An ABC of Equality

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Pub Date 03 Sep 2019 | Archive Date 01 Oct 2019

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Description

A is for Ability, B is for Belief, C is for Class. The best-selling book An ABC of Equality introduces complicated concepts surrounding social justice to the youngest of children.

All people have the right to be treated fairly, no matter who they are, what they look like, or where they come from. From A to Z, simple explanations accompanied by engaging artwork teach children about the world we live in and how to navigate our way through it.

Each right-hand page includes a brightly decorated letter with the word it stands for and an encouraging slogan. On the left, a colorful illustration and bite-size text sum up the concept. Cheerful people from a range of backgrounds, ethnicities, and abilities lead the way through the alphabet. L is for LGBTQIA. Find the words that make you, you.N is for No. No means no.P is for Privilege. Be aware of your advantages.X is for Xenophobia. Ask questions and you’ll see there’s nothing to be afraid of.

Celebrate your Differences, ask more Questions, share your Kindness, and learn to Understand the world.

A is for Ability, B is for Belief, C is for Class. The best-selling book An ABC of Equality introduces complicated concepts surrounding social justice to the youngest of children.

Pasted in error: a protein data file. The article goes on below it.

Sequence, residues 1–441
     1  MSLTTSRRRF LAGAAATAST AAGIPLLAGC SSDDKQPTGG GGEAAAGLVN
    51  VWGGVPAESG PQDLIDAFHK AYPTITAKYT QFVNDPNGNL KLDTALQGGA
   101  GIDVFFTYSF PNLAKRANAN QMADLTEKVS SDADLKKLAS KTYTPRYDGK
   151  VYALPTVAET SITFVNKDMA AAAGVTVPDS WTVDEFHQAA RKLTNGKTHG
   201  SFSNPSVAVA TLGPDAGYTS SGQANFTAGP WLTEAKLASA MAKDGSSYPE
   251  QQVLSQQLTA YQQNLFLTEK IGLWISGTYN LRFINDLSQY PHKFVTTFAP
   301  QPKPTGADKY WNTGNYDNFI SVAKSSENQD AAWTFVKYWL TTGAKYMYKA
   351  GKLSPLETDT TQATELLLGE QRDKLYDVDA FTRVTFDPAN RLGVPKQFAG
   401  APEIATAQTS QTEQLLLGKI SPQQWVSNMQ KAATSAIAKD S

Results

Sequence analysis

All people have the...

Marketing Plan

Key Selling Points:  A new series of progressive baby books, aimed at politically engaged parents and gift buyers  Beautiful, stylish illustrations and design will set these apart from the competition  Continues with the ongoing trend for baby books that deal with adult topics in an accessible way 

Publicity:  Pitch to mommy bloggers  Pitch to LGBTQIA+ blogs  Pitch to kidlit bookstagrammers  Pitch to parenting press  Pitch author to political kidlit podcasters like Kidlit Riot  Pitch to long-lead publications such as Family Circle, FamilyFun, and Today's Parent.   Pitch to SLJ “Read Woke” campaign 

Trade & Consumer:  Create an equality sell sheet (books that promote gender, race, sexual identity, etc. equality)  Get Chana on a panel with other authors at bookstores (Books of Wonder, Books Are Magic, Word, etc.) -- who else would be a good fit? Jemia and Andrea, etc. 

School Library:  Promote at School & Library shows    Submit for all eligible awards   Select mailing to education/librarian contacts like Matthew Winner, Betsy Bird, Travis Jonker, etc.  Giveaway in Educator newsletter 

Key Selling Points:  A new series of progressive baby books, aimed at politically engaged parents and gift buyers Beautiful, stylish illustrations and design will set these apart from the...


Available Editions

EDITION Other Format
ISBN 9781786037428
PRICE $15.99 (USD)

Available on NetGalley

Download (PDF)

Average rating from 58 members


Featured Reviews